By Charlotte Jusinski
Perhaps one of the most damaging “rules” of writing taught to us as children is that using first-person is unprofessional. Despite being told to think outside the box, we were forbidden to say who did all that thinking we were writing from. I remember conducting all varieties of grammatical acrobatics to avoid saying “I think” in my school papers. “It could be said that” and “Some believe” were a couple of my favorites. (And, yes, those phrases often got circled in red by my teachers.)
Thankfully, upon entering thirteenth grade (aka the College of Santa Fe), most of the rules I learned the previous eighteen years went out the window, and I was allowed to truly learn the craft of writing. And before you say that I’m talking about two different types of writing—creative versus academic—I know I’ve seen similar acrobatics in peer-reviewed articles that are just dying to get a little personal. “These writers assert,” for example, or “The author has found that” … All just thinly veiled Is and wes and mes.
As the pieces for this issue of El Palacio began arriving in my inbox this spring, I was struck by how many featured prominently the first person. Writers with whom I have worked before and who I know don’t always insert themselves into their pieces chose this issue to speak from their own mouths. And I appreciated it. In one writer’s first draft, I highlighted a section of first-person and asked for a rewrite—but specifically told them to keep the Is and mes. I like them. I want them. I look for them, to be honest.
One of my personal and professional goals as I helm El Palacio is making this magazine as accessible as possible; I don’t think our readers should have any particular level of education or familiarity with the subject matter to enjoy the stories herein. I want these pages to be enjoyed by folks from all walks of life and of all backgrounds. And I think one of the first steps toward making this reading enjoyable for everyone is making the language used as human and down-to-earth as possible, while still maintaining the quality and integrity you have come to know and expect from this publication. One of the easiest ways to bring the reader in, I think, is to let the writer come out.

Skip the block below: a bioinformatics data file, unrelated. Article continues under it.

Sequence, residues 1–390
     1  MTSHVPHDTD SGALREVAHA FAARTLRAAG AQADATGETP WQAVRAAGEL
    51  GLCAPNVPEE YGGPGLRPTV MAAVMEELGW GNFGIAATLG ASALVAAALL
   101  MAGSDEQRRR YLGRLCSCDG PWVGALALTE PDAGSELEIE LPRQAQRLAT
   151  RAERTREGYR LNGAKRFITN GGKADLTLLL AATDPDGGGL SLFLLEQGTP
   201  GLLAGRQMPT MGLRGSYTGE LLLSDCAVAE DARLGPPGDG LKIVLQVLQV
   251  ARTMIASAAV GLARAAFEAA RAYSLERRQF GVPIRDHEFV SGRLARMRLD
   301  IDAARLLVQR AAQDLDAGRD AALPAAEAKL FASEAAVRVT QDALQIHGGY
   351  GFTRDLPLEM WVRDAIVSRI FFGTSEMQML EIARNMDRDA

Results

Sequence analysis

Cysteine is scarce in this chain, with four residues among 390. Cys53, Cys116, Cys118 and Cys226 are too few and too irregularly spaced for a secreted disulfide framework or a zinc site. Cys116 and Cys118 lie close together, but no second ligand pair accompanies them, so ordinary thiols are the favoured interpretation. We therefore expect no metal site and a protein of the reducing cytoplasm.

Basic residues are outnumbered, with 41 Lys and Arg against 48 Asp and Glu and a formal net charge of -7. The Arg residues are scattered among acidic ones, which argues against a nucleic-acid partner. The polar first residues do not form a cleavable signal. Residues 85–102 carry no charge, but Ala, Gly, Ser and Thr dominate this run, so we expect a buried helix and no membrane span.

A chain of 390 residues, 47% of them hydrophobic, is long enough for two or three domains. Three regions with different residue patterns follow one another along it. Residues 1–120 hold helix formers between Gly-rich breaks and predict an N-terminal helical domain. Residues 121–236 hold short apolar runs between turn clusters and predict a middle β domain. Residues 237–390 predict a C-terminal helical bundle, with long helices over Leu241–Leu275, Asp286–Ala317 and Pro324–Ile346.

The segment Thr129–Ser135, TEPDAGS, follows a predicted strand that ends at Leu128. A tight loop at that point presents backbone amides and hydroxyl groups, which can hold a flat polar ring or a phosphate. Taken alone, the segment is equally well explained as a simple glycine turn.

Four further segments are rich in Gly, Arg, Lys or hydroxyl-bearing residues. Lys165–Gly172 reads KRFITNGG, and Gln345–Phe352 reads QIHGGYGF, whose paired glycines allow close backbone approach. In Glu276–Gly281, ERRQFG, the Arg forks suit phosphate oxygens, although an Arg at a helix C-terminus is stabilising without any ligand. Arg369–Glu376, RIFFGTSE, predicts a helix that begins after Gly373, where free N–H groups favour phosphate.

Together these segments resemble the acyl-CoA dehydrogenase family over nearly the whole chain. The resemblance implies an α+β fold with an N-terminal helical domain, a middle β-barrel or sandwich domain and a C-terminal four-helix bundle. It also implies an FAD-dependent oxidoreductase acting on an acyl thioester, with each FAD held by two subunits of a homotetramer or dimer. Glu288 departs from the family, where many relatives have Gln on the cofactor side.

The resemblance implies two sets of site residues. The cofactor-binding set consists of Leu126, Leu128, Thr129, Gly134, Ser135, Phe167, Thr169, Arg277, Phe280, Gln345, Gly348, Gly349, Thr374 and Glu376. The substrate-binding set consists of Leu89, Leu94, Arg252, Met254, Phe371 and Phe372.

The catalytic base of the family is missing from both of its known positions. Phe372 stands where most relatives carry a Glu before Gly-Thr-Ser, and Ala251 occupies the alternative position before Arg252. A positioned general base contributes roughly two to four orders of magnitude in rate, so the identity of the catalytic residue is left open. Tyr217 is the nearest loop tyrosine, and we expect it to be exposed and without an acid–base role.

The true test was when I penned something myself for El Palacio. Aside from my editor’s letters, I haven’t written anything for these pages—and that was by design. As an editor, passing the mic is one of my favorite things to do. But for this issue, I made an exception and published a piece on the Bosque Redondo that I started working on in 2019.
I resisted using the first-person for almost the entire piece, but by the very end, I had to slip in just a few instances. I couldn’t pretend a robot wrote it. I wrote it—me, a living, breathing, bleeding human. To deny that human beings are behind each and every word of this magazine would be disingenuous, and so I encourage my writers (and myself) to lean into that reality. We made this, and we present it to you—another human being, who will hopefully forgive the “sin” of the first person.
Thank you for reading El Palacio, and thank you for trusting those represented within these pages to tell these stories right from our own mouths.